2. I have a wireless network in my home. Can my roomie with her PC laptop hookup to my Mac wireless network and we play the same game? Do Mac's even have wireless capability? Could she still use her PC to hook up to my network and browse the Internet?

    3. I use MS Office Suite every day. MS Word, Excel, Access. I also paid a lot of money for Photoshop. Will I still be able to use all of those "professional" type programs on a Mac?

    4. If I save a file on those programs at the university, can I bring my thumb drive home and open up those files? What about vice versa?

    Sorry for all the questions, but it just seems like all the articles I read rehash the same 9 or 10 basic, generic reasons (i.e. price, anti-virus, user friendly) on why to buy a Mac without specifically dealing with honest newbie concerns. I've had a PC since the DOS 3.0 days so it's very scary for me as a graduate student to think about what happens to all my very familiar programs, files, and hard work if I switch to a Mac. It's a big step.
  14. gilkisson macrumors 65816


    There is no real need to BootCamp. You only go out of your way to do it if you really need the ability to boot into Windows. Besides, if your BootCamp Windows installation gets infected, those nasties cannot see your Mac partition.

    I agree, though... there are only a few specific reasons to BootCamp. You really don't need to do it -- and even if you did.... Vista?:eek:

    Well of course, and yes, and yes. Think of a wireless network like a radio station -- it's pumping signal into the air, whether you listen or not. Same with your wifi router, it exists, and computers (Macs or PCs) attach (tune in) to it.

    Might have a problem here. There are Mac versions of Office, but no Access. And your Windows install of Photoshop won't run, you will need the Mac version. That would give you the best user experience, but the cost of buying PS again is often a deal-breaker. You can BootCamp them, of course, but we're back to Vista, and ewww.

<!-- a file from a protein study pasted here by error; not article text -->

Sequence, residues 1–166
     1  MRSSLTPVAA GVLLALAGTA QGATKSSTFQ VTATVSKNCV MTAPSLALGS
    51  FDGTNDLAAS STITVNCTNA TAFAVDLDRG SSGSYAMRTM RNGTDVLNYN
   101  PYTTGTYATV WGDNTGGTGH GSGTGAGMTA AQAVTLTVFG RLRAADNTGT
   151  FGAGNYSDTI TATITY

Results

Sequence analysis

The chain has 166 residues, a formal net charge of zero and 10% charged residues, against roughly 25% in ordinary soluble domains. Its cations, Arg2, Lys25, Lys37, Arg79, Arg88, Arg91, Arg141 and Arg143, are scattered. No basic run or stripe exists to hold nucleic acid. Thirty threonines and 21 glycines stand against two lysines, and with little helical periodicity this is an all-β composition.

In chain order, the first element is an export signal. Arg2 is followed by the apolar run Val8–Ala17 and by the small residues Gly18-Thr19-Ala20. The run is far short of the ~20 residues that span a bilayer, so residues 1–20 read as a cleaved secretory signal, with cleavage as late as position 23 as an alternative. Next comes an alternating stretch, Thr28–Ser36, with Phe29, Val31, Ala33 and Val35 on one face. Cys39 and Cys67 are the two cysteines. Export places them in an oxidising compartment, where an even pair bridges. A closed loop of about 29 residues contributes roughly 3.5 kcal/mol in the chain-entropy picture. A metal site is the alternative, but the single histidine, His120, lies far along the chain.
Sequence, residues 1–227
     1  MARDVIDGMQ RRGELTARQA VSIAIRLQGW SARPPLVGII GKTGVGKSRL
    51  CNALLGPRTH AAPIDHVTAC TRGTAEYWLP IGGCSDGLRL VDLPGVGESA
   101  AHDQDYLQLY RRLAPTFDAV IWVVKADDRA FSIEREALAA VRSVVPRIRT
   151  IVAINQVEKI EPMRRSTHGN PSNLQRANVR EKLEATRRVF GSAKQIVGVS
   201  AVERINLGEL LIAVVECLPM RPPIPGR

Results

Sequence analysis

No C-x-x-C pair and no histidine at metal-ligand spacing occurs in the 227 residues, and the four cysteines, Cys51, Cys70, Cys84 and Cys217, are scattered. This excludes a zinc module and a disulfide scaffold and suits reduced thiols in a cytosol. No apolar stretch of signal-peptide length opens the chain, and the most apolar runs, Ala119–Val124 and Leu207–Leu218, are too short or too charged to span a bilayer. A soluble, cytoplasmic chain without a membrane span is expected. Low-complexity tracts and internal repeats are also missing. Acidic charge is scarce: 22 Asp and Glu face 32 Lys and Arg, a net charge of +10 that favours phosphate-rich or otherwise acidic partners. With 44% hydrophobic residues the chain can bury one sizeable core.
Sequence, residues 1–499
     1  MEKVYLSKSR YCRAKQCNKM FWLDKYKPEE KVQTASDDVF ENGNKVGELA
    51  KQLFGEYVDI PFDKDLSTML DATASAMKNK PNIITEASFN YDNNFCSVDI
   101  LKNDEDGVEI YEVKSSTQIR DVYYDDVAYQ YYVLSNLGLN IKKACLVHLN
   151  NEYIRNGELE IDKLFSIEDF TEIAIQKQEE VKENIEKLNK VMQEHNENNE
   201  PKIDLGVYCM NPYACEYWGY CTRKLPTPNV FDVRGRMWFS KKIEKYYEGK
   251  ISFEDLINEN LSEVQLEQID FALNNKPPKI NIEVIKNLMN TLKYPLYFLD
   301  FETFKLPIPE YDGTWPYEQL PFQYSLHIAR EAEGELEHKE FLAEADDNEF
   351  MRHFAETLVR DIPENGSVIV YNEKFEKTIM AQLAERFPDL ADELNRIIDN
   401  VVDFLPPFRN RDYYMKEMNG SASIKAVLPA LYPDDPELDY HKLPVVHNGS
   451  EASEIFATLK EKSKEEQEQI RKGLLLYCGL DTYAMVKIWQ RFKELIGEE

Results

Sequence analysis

For an office suite, take a look at iWork or NeoOffice instead of MS Office.

    Oh yes. I transfer all the time via USB thumbies.

    It is indeed a big step. You would be trading "the devil you know" for something you don't know -- yet.

    It sounds to me that you know the pitfalls and hazards of Windows pretty well, and you might be getting tired of them. Can't blame you! I go back to CP/M myself, long before GUIs. Grew up with Windows, and have switched to Mac for my personal tool of choice.

    And that's what it is. If Windows make you comfortable, but Vista leaves a stain on everything, then go with Windows 7. It's still Windows, but it's better than Vista.

    Take a trip to your nearest Apple store (*not* BestBuy) and talk to the nice kids there. Explain what you wrote here, and talk about how to switch. They really get a kick out of leading people to "the light" and letting folks play with a pretty iMac or MacBook Pro.

    Switching takes some study, some time, effort, and a pinch of faith. It may not be for you - but I bet it is. You really don't need to talk yourself into buying a Mac, you really are talking yourself out of one.
  15. Abstract macrumors Penryn


    Dec 27, 2002
    Location Location Location
    Tell them you're a switcher and are completely dissatisfied with your experience, and go for a replacement.

    If you're dissatisfied with your replacement, then go for a refund.

    My computer has only stalled or reset twice, and it hasn't happened in around 3 years.
  16. jvette macrumors 6502


    Dec 29, 2007
    I think you would be better served with a Windows machine. Mac isn't for everyone. If one of my business associates would ask for a recommendation I would almost never suggest they buy a Mac. I think most people just take the machine out of the box and use it without messing with the operating system or other software unless it is proven for a Mac.

    I am sitting at my desk with a Mac running behind me and a Dell Windows XP machine with 3 screens on my desk. At home I have all Mac's. For travel I only use Mac Laptops with windows in Bootcamp. I like both systems and they both have a purpose for me.

    I can tell you that the support with Mac is far better than the Dell support.
  17. shadowmatrix macrumors newbie

    Aug 22, 2009
    I appreciate the nearly lightning speed replies. Heh. Usually the forums I've researched have dates six months or a year ago with no activity since then. I guess my absolute fear just thinking about buying a Mac, even though I want to get away from my seven year old PC with its lag and viruses, is the horrible thought of five years worth of research and university papers and hundreds of pages worth of articles and books I'm still in the process of writing being either